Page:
An unemployed man accused of biting off part of a district councillor’s ear and slashing a couple after shouting “restore Taiwan” stood trial on Monday over the alleged acts committed during the 2019 social unrest in Hong Kong.

The case centred on an altercation in Taikoo Shing on November 3 that year, in which then district councillor Andrew Chiu Ka-yin had asked 50-year-old Joe Chen why he had attacked three civilians outside Cityplaza mall.

Chen is accused of biting Chiu’s left ear and pulling the politician’s other ear towards his mouth.

Prosecutors on Monday opened their case against Chen, who pleaded not guilty to three counts of wounding with intent – an offence punishable by life in prison – and one of common assault.

Louis Wan leaves the High Court on Monday.


The High Court heard the series of attacks occurred soon after 7pm when Louis Wan Ho-lun was on his way to have dinner with his wife Leung Pik-kei and her relative Leung Ying-ying, and overheard a man shouting outside the mall in Mandarin and Cantonese: “Restore Taiwan”.

Wan testified that he saw a man – whom he has yet to identify in court – in a grey top three metres from his right, with his hands hidden behind a backpack he was wearing on his front.

Wan then reacted with profanities, he recalled, including asking the man: “What are you talking about?”

Sensing that something was not right, Wan subsequently warned his family to stay behind him, before he saw the man approach and felt “something wet” on his stomach.

“I pulled up my shirt to find blood on my stomach,” he told the jury. “It happened very quickly.”

When Wan looked up again, he said his assailant was standing behind his wife and doing something indiscernible with his hands. He then approached the attacker to pull him away by the shirt.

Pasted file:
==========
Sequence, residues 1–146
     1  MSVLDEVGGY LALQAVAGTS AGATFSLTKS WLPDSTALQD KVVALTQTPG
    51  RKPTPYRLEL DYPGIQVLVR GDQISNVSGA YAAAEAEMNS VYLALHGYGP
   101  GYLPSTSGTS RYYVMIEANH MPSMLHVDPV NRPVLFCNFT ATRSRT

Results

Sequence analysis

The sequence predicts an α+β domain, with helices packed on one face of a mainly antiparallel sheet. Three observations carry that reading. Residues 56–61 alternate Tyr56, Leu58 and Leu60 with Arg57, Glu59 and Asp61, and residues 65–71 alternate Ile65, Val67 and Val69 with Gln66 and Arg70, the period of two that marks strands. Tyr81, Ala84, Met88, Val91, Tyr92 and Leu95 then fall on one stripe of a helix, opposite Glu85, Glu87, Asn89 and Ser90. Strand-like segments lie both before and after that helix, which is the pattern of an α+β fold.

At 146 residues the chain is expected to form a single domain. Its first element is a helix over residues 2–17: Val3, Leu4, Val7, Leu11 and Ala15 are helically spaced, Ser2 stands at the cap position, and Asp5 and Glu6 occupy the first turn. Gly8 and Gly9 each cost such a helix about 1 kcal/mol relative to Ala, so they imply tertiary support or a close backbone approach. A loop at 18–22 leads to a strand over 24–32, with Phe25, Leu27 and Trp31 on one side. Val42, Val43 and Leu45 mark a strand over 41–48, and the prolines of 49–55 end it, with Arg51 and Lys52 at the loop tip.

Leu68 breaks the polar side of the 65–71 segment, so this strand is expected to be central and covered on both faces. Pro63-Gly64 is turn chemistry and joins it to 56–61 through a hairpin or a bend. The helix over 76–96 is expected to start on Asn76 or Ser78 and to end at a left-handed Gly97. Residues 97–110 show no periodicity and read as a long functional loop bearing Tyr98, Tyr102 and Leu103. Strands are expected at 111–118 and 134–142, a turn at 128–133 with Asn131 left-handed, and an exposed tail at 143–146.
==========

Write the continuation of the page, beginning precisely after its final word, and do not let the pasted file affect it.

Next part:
Wan said he then collapsed on the ground moments later, feeling very tired and that his back had become “very wet”.

Prosecutor Steven Kwan Man-wai said Wan’s wife subsequently went inside the mall to seek help while Chen, identified as in a grey top at the time, then turned to hit her cousin Leung Ying-ying several times on the head and flung his backpack towards the woman, causing her to fall to the ground, before he pulled her hair.

Meanwhile, district councillor Chiu was inside Cityplaza mediating a separate dispute, according to the prosecutor. Upon hearing shouts, Chiu was said to have rushed out of the mall, where he found Wan’s family and asked Chen why he had assaulted them.

“I didn’t hit people, I hit dogs,” Chen reportedly replied.

Chiu then saw a knife on the ground and instructed security staff to push Chen against a glass wall, Kwan said, adding the defendant managed to struggle free and charged at people, prompting the councillor to hit his hands in an attempt to stop him.

Chen responded by holding Chiu’s head and biting his left ear before attempting to pull his right ear towards his mouth until he was stopped by others who separated the two men, Kwan said.

At 7.52pm, Chen was arrested.

Kwan said Chen had intentionally carried out the attacks, knowing what he did was wrong.

The court heard Chiu spent 19 days in hospital, where doctors tried to reattach the ear part but to no avail.

The couple were also treated in hospital, with Wan in critical condition, having sustained multiple knife wounds across his upper body – including his back, left shoulder, the area around his navel and the back of his neck – while his wife suffered stab wounds in her back, Kwan said.

A knife seized at the scene measured 19.5cm in length, with a 10cm blade.

On December 19, Leung Pik-kei and Chiu singled out Wan as their assailant in two separate identification parades.

Chen, who came to Hong Kong in 2012, has no criminal record. It was not mentioned in court where he had come from.

Wan’s testimony continues before Madam Justice Judianna Barnes Wai-ling on Tuesday.